Rohit Pandharkar, Mahindra Group

To attract the best AI talent, it’s important for the organisation to establish itself as a thought leader in the space. To do so, it could host or be involved in data science meet-ups to be present in the minds of potential talent. It could also consider hosting hackathons, presenting challenges in multiple areas of machine learning to showcase the interesting work that happens on the inside. Alternatively, it could build its profile by showcasing best-in-class computational architecture so that potential talent will be attracted to the prospect of working with the latest innovations in the industry.

  1. What kind of training is required to train employees to use AI effectively?

Akash Bhatia, Infinite Analytics

A strong foundation in math, statistics, and programming is needed to be successful with AI – your training needs to help your employees build an expertise in these areas. However, it’s important to note that merely investing in a three-month course in data analytics and machine learning isn’t enough. This is a space that continues to evolve and grow, and the organisation needs to continuously invest in AI training to ensure employees are always on the pulse of what’s new in the space.

Rohit Pandharkar, Mahindra Group

One important area to get employees up to speed is to train them in using deep learning infrastructure such as graphics processing units (GPUs). They also need to know how to measure the impact of the algorithms deployed, and the accuracy of the AI implementations undertaken. More importantly, employees need to learn how to translate business problems into data science problems so they are able to identify areas of the business that can be improved, and how to implement AI to solve them.

  1. Between hiring experienced talent with a full set of capabilities and training more junior staff, what is the best talent management strategy to implement AI effectively?

BS Teh, Seagate

To implement AI effectively within an organization, I believe the answer to hiring talent lies somewhere in the middle. Hiring a mix of experienced and less experienced professionals mean that there is more room for the organization to grow. Senior professionals can help with mentorship, and junior talent will come in with fresh eyes and innovative ways of solving problems in this rapidly changing environment.

Additionally, don’t forget about your in-house talent. Helping in-house talents upskill alongside existing resources who know your business reduces the dependency on hiring full AI experts, who are harder to come by.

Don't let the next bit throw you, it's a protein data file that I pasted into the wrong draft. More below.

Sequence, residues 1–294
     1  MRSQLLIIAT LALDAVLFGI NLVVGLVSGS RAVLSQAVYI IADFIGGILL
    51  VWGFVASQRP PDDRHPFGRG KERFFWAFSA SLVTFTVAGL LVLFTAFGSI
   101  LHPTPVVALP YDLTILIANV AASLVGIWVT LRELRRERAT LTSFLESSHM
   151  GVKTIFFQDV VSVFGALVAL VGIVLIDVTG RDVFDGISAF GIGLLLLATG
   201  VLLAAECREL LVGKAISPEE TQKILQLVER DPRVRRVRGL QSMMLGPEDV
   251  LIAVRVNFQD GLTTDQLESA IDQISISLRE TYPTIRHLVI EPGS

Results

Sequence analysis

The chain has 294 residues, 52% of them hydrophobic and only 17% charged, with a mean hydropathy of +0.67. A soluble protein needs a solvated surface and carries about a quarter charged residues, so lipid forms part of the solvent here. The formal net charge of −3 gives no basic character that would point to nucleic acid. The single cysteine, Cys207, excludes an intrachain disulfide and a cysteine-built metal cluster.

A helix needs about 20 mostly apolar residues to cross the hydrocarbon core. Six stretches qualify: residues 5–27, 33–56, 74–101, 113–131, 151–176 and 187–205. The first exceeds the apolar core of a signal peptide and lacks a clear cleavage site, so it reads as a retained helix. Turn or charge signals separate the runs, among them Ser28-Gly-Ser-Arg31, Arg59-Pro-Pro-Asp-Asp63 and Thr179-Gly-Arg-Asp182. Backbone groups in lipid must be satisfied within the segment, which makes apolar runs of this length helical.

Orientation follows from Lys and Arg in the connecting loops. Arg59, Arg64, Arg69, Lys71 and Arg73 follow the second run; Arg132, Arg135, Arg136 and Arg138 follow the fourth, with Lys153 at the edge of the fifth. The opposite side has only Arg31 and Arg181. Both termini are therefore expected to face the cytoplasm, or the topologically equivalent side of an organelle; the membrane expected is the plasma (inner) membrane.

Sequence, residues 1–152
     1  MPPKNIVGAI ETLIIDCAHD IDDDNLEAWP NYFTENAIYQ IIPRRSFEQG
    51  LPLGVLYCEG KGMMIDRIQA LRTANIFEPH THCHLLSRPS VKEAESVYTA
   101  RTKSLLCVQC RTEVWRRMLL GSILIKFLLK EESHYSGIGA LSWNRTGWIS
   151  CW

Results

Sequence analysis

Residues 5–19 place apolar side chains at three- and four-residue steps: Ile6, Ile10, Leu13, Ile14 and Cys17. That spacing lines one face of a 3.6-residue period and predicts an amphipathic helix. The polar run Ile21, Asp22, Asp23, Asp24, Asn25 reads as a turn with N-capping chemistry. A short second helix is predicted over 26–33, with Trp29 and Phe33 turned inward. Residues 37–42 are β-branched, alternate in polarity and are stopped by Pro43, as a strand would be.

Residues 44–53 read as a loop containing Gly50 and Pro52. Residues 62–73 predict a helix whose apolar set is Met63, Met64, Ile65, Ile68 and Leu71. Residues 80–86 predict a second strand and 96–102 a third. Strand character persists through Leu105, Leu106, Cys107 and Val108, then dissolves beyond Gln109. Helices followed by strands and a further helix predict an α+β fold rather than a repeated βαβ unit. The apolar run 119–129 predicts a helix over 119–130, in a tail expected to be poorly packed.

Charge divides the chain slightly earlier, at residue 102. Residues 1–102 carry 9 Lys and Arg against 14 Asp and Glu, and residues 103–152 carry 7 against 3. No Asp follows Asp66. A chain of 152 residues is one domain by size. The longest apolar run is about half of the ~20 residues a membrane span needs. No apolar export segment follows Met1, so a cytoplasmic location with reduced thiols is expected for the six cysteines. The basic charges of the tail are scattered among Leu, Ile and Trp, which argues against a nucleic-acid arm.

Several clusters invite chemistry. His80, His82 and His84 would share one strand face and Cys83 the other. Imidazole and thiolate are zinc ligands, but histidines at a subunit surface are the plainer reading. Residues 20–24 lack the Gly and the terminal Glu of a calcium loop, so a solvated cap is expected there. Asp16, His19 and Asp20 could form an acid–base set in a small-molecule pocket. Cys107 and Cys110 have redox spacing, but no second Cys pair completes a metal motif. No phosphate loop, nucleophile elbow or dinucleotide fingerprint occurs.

Akash Bhatia, Infinite Analytics

For anyone building an AI roadmap, start with hiring experienced people with a full set of capabilities. Given that AI is a relatively new area, these openings will take a long time to fill.

While you search for the superstars of AI, you should also upskill junior talent within the company – it’s another long-term project that largely depends on the urgency of your implementation.

In my opinion, the best talent strategy is to bring in experienced people along with a few graduates from math and statistical institutes across India.

Johnny Chou, Viscovery

Organisations should first consider the nature of their challenge, and if deploying AI in this instance would really solve it. Urgently hiring a group of AI experts without understanding the real challenge of their business would undoubtedly end up being a waste. Furthermore, training in-house employees with little understanding of the business or those who are less qualified would also be a useless attempt.

Ideally, the management team needs to understand AI technologies at a certain level as well as its benefits and risks. Aside from training representatives from various departments, these managers should develop a mid-to-long-term plan to introduce AI into its operations and prioritise the business areas for deployment.

If an organisation lacks the requisite AI knowledge in its initial stages of implementation, it could also seek assistance from AI consultancy firms.

Rohit Pandharkar, Mahindra Group

An organisation cannot be successful with an either/or scenario in this case – I believe a healthy balance of both would be required. In fact, I like to think of 1:3 as an idea ratio of experienced staff and juniors. For example, there should be one experienced team leader/ program manager who runs a team of three to four data scientists, where the senior leader takes on the responsibility of identifying and translating business problems into data problems, while training the rest of the team to do the same.